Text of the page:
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I'm a childminder also and I give the parents a welcome pack which includes my policies which is for them to keep. I think I should be inspected anytime soon really as it was meant to be last September/October so will let you know if it is brought up!

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Guest cathy m

I am also a childminder and my parents receive a welcome pack with all of my policies in, I also include a sheet with the policies listed which they sign to say they have read and understood them

 

Cathy

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Our registraion forms have a bit to sign - although up unitl now parents have not actuall recieved a copy, we're about to give then all copies -A5, (bit difficult on the eyes!!) Although we are considering just putting them all on a disk. A few of our parents have moaned about wasted paper with to many newsletters........although when I asked for emails to send paperless copies only two parents replied!!! I guess they're just politey letting me know they don't read them!!

 

xxx

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To add another twist on the policies discussion, I have them all loaded on my website as PDF and give parents the option to print or just read from the web and then i ask them to sign one disclaimer for all to say they have read them. This leaves the ball in their court and so if they have not read and signed well hey ho. I know that the EYFS states policies are not always necessary but i feel with the day and age we live in, this method covers all bases.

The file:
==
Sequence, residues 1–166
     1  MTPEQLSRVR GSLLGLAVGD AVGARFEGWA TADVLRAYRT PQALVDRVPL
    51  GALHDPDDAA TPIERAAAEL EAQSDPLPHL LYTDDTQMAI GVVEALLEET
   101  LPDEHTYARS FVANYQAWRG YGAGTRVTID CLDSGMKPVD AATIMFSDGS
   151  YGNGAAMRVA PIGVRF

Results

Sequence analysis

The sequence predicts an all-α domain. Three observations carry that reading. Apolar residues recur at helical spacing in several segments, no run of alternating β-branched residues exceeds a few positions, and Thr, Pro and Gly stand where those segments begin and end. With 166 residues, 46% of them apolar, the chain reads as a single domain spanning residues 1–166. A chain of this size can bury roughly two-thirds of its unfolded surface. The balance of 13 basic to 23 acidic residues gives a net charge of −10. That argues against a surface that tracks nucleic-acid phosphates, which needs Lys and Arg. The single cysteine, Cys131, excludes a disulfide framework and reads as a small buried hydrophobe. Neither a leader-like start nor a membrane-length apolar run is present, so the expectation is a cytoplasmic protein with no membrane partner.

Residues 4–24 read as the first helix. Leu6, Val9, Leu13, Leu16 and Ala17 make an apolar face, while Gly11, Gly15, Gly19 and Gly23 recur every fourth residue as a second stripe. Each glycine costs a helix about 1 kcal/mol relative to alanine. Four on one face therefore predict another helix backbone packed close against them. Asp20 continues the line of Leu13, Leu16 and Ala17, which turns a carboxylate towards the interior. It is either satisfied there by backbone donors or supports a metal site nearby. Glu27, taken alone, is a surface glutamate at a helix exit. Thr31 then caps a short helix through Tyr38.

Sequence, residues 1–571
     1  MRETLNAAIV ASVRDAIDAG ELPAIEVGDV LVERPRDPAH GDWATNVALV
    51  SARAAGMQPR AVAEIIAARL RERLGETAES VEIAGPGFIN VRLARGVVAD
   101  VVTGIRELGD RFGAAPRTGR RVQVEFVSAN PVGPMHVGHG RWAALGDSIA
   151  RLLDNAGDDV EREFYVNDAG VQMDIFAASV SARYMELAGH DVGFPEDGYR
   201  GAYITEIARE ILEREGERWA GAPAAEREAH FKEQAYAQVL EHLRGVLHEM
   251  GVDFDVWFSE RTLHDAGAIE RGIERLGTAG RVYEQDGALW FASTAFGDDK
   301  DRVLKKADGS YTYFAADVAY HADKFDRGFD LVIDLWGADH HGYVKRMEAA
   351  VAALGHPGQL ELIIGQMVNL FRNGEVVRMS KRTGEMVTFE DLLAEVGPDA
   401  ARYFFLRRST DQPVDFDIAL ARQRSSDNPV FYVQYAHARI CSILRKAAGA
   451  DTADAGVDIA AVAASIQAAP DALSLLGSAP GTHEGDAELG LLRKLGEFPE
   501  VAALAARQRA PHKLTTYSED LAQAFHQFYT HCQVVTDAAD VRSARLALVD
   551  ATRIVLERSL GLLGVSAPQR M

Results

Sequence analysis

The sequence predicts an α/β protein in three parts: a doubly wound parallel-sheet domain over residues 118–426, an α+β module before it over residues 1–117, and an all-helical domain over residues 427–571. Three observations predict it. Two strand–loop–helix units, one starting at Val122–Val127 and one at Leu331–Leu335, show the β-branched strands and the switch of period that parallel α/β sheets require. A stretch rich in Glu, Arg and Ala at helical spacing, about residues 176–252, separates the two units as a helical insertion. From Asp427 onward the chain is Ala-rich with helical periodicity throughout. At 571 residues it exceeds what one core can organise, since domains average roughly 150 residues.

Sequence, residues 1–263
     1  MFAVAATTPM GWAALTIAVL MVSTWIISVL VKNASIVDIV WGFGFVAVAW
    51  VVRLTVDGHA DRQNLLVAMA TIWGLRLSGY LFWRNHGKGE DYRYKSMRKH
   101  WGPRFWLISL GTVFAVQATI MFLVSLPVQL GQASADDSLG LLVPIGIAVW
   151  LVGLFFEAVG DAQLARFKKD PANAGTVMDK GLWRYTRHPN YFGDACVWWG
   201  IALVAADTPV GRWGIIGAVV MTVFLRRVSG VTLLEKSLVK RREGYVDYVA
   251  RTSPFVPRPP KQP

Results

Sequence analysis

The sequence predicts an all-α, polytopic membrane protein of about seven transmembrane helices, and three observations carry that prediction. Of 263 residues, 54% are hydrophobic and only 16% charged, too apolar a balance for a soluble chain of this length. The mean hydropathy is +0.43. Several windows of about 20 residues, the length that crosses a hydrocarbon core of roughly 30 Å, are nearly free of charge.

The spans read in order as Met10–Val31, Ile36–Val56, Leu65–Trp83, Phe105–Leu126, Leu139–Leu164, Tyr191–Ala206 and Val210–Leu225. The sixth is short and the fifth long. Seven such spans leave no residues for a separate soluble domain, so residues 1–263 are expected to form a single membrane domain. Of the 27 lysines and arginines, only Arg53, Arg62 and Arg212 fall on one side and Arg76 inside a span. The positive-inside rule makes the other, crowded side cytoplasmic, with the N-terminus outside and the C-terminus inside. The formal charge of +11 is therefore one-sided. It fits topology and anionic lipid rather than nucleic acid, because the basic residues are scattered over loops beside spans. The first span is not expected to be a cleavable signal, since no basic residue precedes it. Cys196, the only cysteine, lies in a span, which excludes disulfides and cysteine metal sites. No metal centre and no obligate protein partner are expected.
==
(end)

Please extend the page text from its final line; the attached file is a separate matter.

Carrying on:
Works for me, may work for you!

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I have them all loaded on my website as PDF and give parents the option to print or just read from the web and then i ask them to sign one disclaimer for all to say they have read them.

That's a great idea, wyetots! Being a PDF presumably means people can't alter them, too! How expensive is the software to buy (rather than downloading the 'read only' version free of charge!)?

 

Welcome to the Forum, wyetots!

 

Maz

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Maz, you can download some free software called Cutepdf (I think) which allows you to choose File, Print and Cutepdf and the file then saves as a pdf if I remember the steps correctly. I am sure they are not the only company either.

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  • 4 weeks later...

Hi i have just become registered and we were told to get parents to sign to say they have read our policies stops them from saying they didnt know about something that is in them.hope that makes sense.

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Maz, you can download some free software called Cutepdf (I think) which allows you to choose File, Print and Cutepdf and the file then saves as a pdf if I remember the steps correctly. I am sure they are not the only company either.

Ooh thanks Holly - am going off to investigate now!

 

Maz